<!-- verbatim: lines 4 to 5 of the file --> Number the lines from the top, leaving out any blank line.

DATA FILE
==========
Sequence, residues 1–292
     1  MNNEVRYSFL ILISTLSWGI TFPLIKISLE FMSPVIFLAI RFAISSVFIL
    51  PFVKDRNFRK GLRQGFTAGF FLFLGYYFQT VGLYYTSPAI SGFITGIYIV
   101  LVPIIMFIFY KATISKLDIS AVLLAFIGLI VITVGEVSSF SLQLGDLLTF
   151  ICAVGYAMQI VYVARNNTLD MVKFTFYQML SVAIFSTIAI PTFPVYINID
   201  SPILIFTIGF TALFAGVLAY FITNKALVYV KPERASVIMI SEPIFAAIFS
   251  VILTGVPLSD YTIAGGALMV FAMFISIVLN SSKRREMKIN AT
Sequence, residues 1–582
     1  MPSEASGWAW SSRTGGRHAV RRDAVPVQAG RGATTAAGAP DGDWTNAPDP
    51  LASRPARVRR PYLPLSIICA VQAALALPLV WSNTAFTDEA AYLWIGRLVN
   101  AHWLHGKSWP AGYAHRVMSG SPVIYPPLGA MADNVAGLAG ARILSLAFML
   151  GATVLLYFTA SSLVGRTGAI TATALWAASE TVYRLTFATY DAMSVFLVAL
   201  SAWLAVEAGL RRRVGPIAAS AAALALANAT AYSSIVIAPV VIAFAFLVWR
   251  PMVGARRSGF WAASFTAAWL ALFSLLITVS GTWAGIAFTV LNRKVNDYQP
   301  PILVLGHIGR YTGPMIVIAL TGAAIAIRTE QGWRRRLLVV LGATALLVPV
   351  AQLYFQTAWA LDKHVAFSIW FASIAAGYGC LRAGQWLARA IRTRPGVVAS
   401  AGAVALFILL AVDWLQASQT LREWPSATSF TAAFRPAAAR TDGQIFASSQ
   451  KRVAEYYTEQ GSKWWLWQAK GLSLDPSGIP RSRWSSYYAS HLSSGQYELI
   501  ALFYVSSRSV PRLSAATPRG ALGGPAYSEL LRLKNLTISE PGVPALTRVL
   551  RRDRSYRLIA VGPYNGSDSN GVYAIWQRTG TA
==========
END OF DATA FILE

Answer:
   101  LVPIIMFIFY KATISKLDIS AVLLAFIGLI VITVGEVSSF SLQLGDLLTF
   151  ICAVGYAMQI VYVARNNTLD MVKFTFYQML SVAIFSTIAI PTFPVYINID